2. Build an information roadmap that serves as a blueprint for the organization and against which vendors must deliver. With target outcomes and capabilities in mind, build an information framework for the organization. The framework helps identify what type of data is required from sources (e.g., clinical, financial, socio-demographic, community, retail), what form the data needs to be pulled in (e.g., structured, unstructured, text, multimedia, data from devices), at what frequency the data needs to be updated (e.g., real time/dynamic or retrospective). The framework also helps define how the organization will address data variability when the quality and content are in doubt. This framework is an extremely valuable tool in helping understand the pace at which the organization can build capabilities such as care coordination, consumer engagement, support for entering into value-based contracting, referral management, and creating affinity to attract greater market share. Finally, it acts as a blueprint against which existing and new technology vendor partners have to deliver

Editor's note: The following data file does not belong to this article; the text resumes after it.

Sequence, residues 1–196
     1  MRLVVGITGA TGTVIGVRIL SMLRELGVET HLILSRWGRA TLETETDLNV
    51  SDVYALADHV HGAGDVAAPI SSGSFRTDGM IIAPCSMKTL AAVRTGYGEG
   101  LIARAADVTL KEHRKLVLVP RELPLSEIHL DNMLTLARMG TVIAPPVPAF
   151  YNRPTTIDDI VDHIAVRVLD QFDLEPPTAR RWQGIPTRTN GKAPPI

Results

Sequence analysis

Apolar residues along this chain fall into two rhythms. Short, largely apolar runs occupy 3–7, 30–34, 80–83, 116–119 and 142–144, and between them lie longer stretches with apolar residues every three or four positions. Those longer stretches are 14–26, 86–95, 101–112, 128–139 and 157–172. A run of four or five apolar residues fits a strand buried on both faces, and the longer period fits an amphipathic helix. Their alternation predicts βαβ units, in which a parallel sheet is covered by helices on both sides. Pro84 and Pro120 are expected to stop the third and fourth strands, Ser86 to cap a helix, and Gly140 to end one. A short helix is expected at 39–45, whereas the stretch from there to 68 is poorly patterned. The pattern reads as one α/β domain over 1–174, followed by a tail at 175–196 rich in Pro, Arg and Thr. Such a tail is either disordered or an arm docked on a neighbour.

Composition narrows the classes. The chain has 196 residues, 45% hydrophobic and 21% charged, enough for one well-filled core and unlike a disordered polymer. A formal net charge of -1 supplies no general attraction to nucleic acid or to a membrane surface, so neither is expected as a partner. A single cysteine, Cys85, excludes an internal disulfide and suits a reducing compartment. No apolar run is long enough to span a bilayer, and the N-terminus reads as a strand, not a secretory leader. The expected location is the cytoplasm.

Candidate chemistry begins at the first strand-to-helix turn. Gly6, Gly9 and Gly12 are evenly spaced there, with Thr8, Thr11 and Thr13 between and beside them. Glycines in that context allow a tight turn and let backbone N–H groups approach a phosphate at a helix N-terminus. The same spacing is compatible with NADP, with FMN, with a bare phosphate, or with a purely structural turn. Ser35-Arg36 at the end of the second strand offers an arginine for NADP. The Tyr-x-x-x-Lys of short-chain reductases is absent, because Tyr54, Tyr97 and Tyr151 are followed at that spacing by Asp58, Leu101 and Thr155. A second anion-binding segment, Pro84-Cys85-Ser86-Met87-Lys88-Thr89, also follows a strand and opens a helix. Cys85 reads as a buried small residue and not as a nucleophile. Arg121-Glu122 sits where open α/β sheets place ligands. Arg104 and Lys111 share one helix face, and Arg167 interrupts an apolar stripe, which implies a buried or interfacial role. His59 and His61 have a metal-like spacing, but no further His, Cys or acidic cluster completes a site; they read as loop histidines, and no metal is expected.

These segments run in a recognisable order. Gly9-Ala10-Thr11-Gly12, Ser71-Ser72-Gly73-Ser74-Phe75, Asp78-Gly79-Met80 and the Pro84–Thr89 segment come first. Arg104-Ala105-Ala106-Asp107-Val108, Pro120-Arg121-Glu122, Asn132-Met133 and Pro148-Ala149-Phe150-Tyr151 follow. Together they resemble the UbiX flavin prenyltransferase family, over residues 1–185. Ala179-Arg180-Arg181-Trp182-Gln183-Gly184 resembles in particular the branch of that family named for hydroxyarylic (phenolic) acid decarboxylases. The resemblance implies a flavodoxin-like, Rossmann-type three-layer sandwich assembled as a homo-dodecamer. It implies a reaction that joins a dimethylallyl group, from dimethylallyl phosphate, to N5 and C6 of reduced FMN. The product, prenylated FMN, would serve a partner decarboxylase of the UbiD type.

3. Build for knowledge frameworks vs. bigger data lakes. Organizations should look to meet short-term needs but not lose sight of new capabilities that can be enabled by the information framework. Consider utilizing an operationally-driven used-case framework to structure a solution architecture that will allow you to uncover Knowledge_Framework.jpgpatterns previously hidden and find more complete answers. The information roadmap will help the organization harness the power of data and methodically turn it into applied knowledge.
4. Ensure that your implementation roadmap is focused on creating capabilities and not led by product functionality. As you architect the solution framework, maintain focus on creating new capabilities (e.g., services, outcomes, and experience) vs. being driven by technology product functionality. Often, operational workflow and end user experience are driven by the functionality of products. While within their silo they meet a particular operational need, without a context of an integrated information framework, they lead to fragmented and incomplete outcomes.